“As a man thinks in his heart, so is he.” – Proverbs 23:7

Two Sunday nights ago I was invited to participate on Irwine Clare’s IRIE JAM RADIO show in New York.

Irwine, an award-winning community leader and communicator in the Caribbean Diaspora, shared that he was impressed by the leadership and communication skills of Prime Minister Mia Mottley since she assumed the mantle three and a half years ago. He likened her to a reincarnation of Joshua, the leader of the Israelite tribes after the death of Moses.

I shared my view that she is a brilliant, outstanding, exemplary Caribbean leader “who cares”, the likes of which is a once in a lifetime experience.

She is fearless and forceful and often quotes the Right Honourable Errol Walton Barrow, the first Prime Minister of Barbados: “We’ll be friends of all and satellites of none.” The world is her oyster.

We discussed the impact that she had at the recently concluded COP26 in Glasgow at which she eruditely and comprehensively analysed the issues and made succinct proposals for addressing climate change. She charged that if immediate action were not taken it would accelerate the demise of the most vulnerable states.

Irwine was surprised that Barbados (historically called Little England) had so seamlessly cleared the way to become the Republic of Barbados on November 30, 2021, thus renouncing the Queen of the Commonwealth as its head of state and replacing her with a Barbadian. He asked me what that meant to me.

As a teenager, I remember questioning my father: “Is it not a waste of resources to have a premier as the head of the government and a governor too?” He explained that whereas it is the government’s responsibility to provide services that individuals cannot effectively provide for themselves, the role of the governor as the head of state is a ceremonial position representing a symbol of national unity for the people – a position that I should recognize and respect.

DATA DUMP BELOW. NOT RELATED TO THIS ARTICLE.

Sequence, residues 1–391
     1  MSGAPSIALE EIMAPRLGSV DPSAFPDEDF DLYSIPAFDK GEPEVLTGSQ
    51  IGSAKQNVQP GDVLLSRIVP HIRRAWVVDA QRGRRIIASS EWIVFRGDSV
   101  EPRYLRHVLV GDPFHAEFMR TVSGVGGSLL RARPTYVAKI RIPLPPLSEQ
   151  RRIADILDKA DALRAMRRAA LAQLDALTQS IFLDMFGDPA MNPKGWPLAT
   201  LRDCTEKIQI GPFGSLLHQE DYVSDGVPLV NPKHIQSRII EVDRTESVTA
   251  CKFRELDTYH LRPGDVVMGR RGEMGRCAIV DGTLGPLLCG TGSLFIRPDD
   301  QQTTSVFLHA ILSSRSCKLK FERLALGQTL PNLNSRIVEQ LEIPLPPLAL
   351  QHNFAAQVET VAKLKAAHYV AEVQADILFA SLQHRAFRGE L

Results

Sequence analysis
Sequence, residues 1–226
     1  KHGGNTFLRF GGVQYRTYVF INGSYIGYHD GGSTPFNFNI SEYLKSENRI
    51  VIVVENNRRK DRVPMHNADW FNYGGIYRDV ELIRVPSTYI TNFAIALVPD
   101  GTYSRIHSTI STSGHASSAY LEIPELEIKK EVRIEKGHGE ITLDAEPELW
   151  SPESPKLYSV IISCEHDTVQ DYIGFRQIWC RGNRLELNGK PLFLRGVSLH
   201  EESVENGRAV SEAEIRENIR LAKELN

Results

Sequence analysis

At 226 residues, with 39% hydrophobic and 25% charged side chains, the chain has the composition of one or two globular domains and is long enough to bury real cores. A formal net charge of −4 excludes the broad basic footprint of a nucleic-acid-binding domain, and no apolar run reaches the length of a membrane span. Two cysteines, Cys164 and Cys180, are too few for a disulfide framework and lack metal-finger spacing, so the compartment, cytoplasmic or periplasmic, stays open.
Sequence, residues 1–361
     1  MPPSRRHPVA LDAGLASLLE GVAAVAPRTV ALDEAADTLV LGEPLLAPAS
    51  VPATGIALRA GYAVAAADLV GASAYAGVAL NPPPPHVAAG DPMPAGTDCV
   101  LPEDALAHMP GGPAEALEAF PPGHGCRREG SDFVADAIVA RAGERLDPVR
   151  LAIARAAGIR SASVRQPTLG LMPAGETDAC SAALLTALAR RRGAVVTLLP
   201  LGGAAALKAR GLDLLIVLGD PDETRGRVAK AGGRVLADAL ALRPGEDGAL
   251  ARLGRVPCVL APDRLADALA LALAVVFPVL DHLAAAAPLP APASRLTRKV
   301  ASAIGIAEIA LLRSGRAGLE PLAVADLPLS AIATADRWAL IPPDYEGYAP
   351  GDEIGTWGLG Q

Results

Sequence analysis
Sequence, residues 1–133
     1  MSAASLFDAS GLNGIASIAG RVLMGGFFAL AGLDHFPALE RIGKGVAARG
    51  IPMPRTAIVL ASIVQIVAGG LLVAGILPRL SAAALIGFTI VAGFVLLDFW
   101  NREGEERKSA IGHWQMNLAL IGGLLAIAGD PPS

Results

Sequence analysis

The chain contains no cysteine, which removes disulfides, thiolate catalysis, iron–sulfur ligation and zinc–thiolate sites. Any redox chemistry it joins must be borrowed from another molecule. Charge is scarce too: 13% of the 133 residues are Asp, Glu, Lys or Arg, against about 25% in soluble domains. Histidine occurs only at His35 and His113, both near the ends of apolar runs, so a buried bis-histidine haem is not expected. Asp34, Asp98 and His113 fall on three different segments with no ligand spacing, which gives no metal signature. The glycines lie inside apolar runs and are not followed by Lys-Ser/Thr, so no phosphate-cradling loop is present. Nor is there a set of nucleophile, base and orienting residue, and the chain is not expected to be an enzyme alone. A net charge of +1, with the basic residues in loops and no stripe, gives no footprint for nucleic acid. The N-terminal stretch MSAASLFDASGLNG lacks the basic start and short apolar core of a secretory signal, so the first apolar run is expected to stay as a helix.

As Barbados establishes itself in the international community in search of international partnerships to provide a safety net and responsive support in times of crisis it must do so as a strong unified entity without the dangling tails of her colonial past.

Apart from its location in the Caribbean Sea, the territory of the United States Virgin Islands shares an ethnic, cultural, culinary, musical history with other Caribbean states. The one big difference is that USVI was purchased by the United States of America from the Danes in 1917.  The United States federal government is the Territory’s safety net and responsive support in times of crisis.

The Republic of Barbados will now continue her most recent initiatives to seek “godparents” in this regard by reaching out to resource rich African countries with whom she has an ethnic link and to Great Britain, seeking financial reparation for the wrongs during slavery.

Mia Mottley talks unity in spirit and togetherness, and she continually appeals for “all hands on deck”. The status of republic with a local head of state will augment that pride and internal spirit as we pivot into the rest of the world.

Irwine’s final question: “What do you say to Barbadians all over the world on the eve of becoming a republic?”
My response: “Do you remember 18 years ago, you, Bevan (my son) and I were part of a group that explored an initiative in New York to establish the Caribbean Diaspora Institute? Not only to help people in the U.S. help the Caribbean, but to help people in the Caribbean to settle in the U.S.”

This should be revisited and implemented and could well be part of the godparenting solution.

Basil Springer GCM is a Change-Engine Consultant. His email address is basilgf@marketplaceexcellence.com. His columns may be found at www.nothingbeatsbusiness.com)